It’s amazing. I’m at the Las Campanas Observatory, using the LDSS (low Dispersion Survey) spectrograph. A triumph of North East engineering, she was built in Durham University in 1991 by a team of “real” engineers, including John Webster. It was one of the first instruments to allow astronomer to survey the distant Universe and to see galaxies when the Universe was only a fraction of its present age.
In 2001, John and I moved LDSS to its new home at the incredible 6.5m Magellan Clay telescope. The instrument has evolved for strength to strength, using its solid engineering as a plot form for the latest technological developments in optics and, most recently, its CCD detector. LDSS is still at the leading edge of cosmology.
Now, here I am looking for some of the faintest galaxies in the Universe. Our new ‘Deep Depletion’ detector lets us find galaxies at even higher redshift, and clever electronics allow us to detect lower mass galaxies than ever before, revealing the secrets of how galaxies, and the nuclear elements they contain (such as the carbon and oxygen that we are made of) have been created over the history of time.
The World Machine is a daring new art work for Durham Lumiere 2015.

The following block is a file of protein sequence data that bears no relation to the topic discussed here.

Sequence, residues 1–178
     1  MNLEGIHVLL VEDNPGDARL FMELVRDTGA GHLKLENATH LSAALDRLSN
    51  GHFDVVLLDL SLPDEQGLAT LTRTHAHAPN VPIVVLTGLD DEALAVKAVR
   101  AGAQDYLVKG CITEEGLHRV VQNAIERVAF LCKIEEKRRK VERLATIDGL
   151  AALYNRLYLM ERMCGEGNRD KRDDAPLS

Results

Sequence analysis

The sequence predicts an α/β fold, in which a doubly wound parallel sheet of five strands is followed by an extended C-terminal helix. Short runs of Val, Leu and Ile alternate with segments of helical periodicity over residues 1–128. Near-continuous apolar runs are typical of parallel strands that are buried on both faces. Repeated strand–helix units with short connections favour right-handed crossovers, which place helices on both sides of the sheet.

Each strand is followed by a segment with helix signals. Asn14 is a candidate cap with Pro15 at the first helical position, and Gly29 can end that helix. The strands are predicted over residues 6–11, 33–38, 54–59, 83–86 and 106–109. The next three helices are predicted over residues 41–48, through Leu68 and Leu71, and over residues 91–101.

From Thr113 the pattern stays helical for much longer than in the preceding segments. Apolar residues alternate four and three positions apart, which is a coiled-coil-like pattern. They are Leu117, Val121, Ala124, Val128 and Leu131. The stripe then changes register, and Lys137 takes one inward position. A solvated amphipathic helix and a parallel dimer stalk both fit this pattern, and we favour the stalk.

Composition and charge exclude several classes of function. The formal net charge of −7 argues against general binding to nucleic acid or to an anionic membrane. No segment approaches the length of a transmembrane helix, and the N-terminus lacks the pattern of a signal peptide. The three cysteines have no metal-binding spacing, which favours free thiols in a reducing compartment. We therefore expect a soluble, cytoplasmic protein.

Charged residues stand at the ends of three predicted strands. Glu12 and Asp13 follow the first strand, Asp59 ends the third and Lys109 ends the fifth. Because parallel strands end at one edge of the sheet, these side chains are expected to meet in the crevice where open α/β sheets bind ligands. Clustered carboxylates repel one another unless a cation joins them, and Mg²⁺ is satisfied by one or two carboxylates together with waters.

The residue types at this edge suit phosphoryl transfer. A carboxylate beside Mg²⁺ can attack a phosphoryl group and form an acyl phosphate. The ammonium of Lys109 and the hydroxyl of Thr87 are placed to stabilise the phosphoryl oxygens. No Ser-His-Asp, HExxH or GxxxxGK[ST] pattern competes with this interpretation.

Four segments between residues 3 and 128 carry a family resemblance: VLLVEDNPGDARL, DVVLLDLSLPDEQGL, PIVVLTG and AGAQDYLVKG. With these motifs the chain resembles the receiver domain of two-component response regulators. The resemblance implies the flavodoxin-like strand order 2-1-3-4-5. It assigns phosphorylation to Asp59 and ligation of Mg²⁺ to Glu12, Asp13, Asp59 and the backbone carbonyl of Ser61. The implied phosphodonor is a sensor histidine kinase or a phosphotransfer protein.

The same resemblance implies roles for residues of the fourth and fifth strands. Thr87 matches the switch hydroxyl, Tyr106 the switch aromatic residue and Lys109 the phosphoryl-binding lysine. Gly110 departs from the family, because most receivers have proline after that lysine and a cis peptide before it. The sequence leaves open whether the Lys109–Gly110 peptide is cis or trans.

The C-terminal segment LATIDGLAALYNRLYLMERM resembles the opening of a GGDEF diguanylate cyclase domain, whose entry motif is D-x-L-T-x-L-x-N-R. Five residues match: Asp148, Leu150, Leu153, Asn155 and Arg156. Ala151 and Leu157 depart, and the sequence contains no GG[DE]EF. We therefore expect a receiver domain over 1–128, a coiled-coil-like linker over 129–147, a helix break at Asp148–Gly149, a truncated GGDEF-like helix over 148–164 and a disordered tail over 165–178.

Over the past year I’ve been putting together a study comparing understanding of the Cosmos in Ancient Greece with its understanding in Medieval times and today. It’s been great to see many of these ideas inspire the “World Machine” and major art project for the Durham 2015 Lumiere. Its been a great pleasure to work with Carlos Frenk (Institute for Computational Cosmology) and Giles Gasper (Ordered Universe Project), together with a whole team of young people, on this project. Our role has been to supply many of the images and movies that underly the artwork. The World Machine is a major collaboration between our Art and History teams, projection artist Ross Ashton, sound designer John del’Nero, and composer Isobel Waller-Bridge.
The EAGLE project now has its own website.
My two summer “interns” (Sam Bancroft and Josh Borrow) have done an amazing job of creating a website to host (some of) the images that we’ve created during the EAGLE project. Please take a look and tell me what you think!
You will find plenty of cool images and movies to down load, such as this one..
The first EAGLE paper is now available on the astro-ph archive. It will tell you everything you wanted to know about the project (and more probably more!). Most importantly, it sets out the project philosophy and shows just how much the simulated universe looks like the real one.
This plot counts the numbers of galaxies of different masses. It compares the main Eagle simulation (the dark blue line) to previous work (the other lines) and observational data (the fray points)… you’re meant to see that EAGLE fits the data really well – it captures both the flat part (similar numbers of galaxies with masses to our Milky Way galaxy and with mass 10 times smaller), and the exponential break at higher masses (galaxies much larger than our own are incredibly rare). EAGLE is a huge step forward compared to previous work. There are many more comparisons like this in the paper.
Here’s the paper’s abstract…. Continue reading EAGLE takes off